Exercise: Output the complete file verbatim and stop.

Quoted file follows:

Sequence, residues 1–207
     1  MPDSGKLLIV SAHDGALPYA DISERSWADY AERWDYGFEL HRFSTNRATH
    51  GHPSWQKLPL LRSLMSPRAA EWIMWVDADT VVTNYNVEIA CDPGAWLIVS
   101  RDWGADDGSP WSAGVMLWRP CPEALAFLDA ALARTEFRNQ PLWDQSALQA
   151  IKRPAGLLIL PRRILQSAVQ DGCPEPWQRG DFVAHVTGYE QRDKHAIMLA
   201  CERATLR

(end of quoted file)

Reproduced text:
Sequence, residues 1–207
     1  MPDSGKLLIV SAHDGALPYA DISERSWADY AERWDYGFEL HRFSTNRATH
    51  GHPSWQKLPL LRSLMSPRAA EWIMWVDADT VVTNYNVEIA CDPGAWLIVS
   101  RDWGADDGSP WSAGVMLWRP CPEALAFLDA ALARTEFRNQ PLWDQSALQA
   151  IKRPAGLLIL PRRILQSAVQ DGCPEPWQRG DFVAHVTGYE QRDKHAIMLA
   201  CERATLR